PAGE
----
Talking about Mobile Content Management

By Laurence Hart posted 09-08-2011 11:25


Wow! Busy times are afoot. Whenever I think I’m going to get a breather, something else happens to run my schedule through a blender. I’m not sure how I’d be surviving without my mobile devices.

Actually, I know exactly how I’d be doing, both poorly and great. I’d be focused more on the tasks at hand but missing critical items. Sometimes I have to really think about how things were like before the cell phone while there are many people out there that have never really had to live in that world.

In the midst of this, we had a twitter AIIM ECMJam on Mobile Content Management. It was a very interesting discussion as people either agreed completely on the answer to a question or had almost religious loyalty to their world view.

  1. What’s a mobile device for purposes of this conversation? This led to a little debate around which side of the fence laptops fell. I view mobile by form-factor: small screens, small input devices, and limited bandwidth (though that distinction is fading). While laptops may be considered mobile, solutions used for traditional desktops work the same for laptops.
  2. What is the key difference between Mobile Content Management & “normal” Content Management? Back to the form factor with an extra twist, roaming networks. The mobile device will leverage a potpourri of networks, so getting information out the user quickly is critical. Interfaces need to be streamlined to the minimum. Generally speaking, Mobile Content Management should focus on specific business solutions as opposed to the broader Content Management issues.
  3. Where does Mobile Content Management fit in with an ECM Strategy? Right there on the front-line. This is a new way to access content. We went through the same transition with the Web Browser in the 90s. It is just a new interface complete with unique challenges. People will want to use it and IT organizations need to support it if they want to maintain any level of governance.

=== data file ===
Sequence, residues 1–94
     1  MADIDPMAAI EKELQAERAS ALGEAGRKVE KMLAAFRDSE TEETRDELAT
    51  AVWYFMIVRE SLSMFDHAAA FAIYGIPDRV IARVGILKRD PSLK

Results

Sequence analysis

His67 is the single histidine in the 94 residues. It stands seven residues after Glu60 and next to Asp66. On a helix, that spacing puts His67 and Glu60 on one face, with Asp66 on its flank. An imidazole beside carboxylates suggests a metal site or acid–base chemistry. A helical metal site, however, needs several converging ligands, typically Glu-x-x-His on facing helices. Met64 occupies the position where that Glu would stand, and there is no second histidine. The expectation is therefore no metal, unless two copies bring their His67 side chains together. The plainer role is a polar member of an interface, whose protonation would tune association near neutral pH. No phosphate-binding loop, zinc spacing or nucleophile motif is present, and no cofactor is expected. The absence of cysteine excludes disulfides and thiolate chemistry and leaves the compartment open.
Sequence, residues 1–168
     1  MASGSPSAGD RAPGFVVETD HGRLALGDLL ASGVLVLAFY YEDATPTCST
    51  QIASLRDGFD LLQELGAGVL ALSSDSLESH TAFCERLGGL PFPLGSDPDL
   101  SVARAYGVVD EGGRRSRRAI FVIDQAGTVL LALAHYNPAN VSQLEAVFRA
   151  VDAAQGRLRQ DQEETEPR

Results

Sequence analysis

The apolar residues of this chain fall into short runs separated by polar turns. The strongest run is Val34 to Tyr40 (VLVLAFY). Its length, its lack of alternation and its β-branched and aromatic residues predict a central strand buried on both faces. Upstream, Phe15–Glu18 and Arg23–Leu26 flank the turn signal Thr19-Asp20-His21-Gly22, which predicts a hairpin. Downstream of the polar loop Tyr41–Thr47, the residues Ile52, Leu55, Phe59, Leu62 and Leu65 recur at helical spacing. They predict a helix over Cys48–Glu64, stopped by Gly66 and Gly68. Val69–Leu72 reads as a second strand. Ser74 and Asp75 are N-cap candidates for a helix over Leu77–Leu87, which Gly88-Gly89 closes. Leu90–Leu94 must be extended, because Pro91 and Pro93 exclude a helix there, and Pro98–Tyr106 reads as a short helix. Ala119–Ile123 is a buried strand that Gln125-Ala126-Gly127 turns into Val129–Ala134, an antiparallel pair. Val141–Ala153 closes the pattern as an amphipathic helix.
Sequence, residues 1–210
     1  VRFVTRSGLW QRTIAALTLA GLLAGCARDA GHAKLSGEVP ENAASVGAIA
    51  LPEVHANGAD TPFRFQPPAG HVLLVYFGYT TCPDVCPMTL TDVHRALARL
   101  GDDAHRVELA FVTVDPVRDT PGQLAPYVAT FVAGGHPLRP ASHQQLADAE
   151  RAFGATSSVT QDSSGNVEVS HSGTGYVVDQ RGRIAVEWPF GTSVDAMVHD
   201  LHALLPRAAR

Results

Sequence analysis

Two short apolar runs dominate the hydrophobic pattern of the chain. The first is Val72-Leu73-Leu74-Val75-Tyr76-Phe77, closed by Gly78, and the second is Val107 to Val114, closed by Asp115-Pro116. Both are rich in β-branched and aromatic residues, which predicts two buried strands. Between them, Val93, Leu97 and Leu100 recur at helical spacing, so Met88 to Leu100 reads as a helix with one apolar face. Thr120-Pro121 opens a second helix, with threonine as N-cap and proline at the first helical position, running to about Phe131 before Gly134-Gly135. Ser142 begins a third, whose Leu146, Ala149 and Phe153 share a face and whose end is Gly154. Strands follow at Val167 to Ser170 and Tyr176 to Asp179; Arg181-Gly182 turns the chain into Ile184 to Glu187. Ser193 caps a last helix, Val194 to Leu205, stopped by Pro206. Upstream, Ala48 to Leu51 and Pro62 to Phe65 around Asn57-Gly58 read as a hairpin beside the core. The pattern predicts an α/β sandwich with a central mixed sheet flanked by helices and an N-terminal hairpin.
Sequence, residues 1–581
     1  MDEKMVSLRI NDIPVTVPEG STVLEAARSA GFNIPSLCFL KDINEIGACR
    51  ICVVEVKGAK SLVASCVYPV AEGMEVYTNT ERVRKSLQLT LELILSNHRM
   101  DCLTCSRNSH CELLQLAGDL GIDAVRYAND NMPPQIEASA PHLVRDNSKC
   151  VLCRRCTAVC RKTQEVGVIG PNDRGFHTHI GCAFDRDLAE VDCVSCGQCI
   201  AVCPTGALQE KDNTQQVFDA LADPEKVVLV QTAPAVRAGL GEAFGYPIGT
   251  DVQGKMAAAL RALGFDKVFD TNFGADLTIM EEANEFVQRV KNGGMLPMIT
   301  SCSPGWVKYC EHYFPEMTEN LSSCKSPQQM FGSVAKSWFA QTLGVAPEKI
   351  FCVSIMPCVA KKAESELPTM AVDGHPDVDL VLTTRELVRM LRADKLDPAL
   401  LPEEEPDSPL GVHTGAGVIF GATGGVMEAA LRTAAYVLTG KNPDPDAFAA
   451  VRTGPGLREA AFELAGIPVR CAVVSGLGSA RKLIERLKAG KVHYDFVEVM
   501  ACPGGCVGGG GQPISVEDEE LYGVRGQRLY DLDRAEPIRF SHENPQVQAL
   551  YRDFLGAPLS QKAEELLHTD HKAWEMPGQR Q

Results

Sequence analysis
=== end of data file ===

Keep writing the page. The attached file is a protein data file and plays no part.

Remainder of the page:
4. What business problems is Mobile Content Management primed to solve?  This is a matter of opinion. I think it solves the “We need Sarah to approve this by 3pm but she is at an all-day seminar” problem. Essentially, time-constrained content consumption is solved. It also solves the “Lee can’t disconnect from work so now he can poke his nose in whenever he desires” problem, which isn’t a business problem per se.
  5. Beyond receipts, what can mobile capture do? Scanning is old-school. I’m not carrying around a scanner, no matter how small or cool. When I have multiple devices to perform one task, we are outside of Mobile Content Management. I am taking pictures, recording video, and using social media with my mobile device. I may want to put them into my Content Management system but I’m not scanning anything.
  6. Is this a cloud-only phenomenon? No. Some people have problems disassociating Cloud and Mobile. They are both consumer driven and easy for users to use when IT isn’t being responsive. They are complementary, but they aren’t required. I can use my Mobile device to access content behind the firewall. Mind you, there is a lot of work that has to be done to make this work correctly, but it is possible and everyone needs to realize that firewalled content is not going to be liberated and placed into the cloud in the near future.
  7. Do you have to have an App to be providing Mobile Content Management? No, but it helps. This is funny as the people that insist on Apps are the same people that insisted we use browsers in the 90s. I prefer apps because they allow native integration into multiple aspects of the device. Yes you have to support multiple operating systems but that has been true of non-mobile devices for decades. I think Apps are perfectly aligned to addressing specific business problems while browser-based applications will work well for the whole of Content Management. A successful strategy is going to require both for vendors over the long-term.

Mobile is a challenge because it is a new form factor and its adoption is beyond the control of the organization. The best ways to address it isn’t to try and out-tech the other guys, but to build solutions around specific business problems. Every other detail, cloud v internal or app v browser, is subservient to addressing the needs of the users.

One last thought that has come from this is that the traditional Content Management vendors need to work on their Mobile Strategy and execution. It needs to be easy and readily demonstrable to the masses. Otherwise the link between Mobile and Cloud will strengthen and they will be left out in the cold.

#ECM #ContentManagement #mobile #cloud #ScanningandCapture #CMS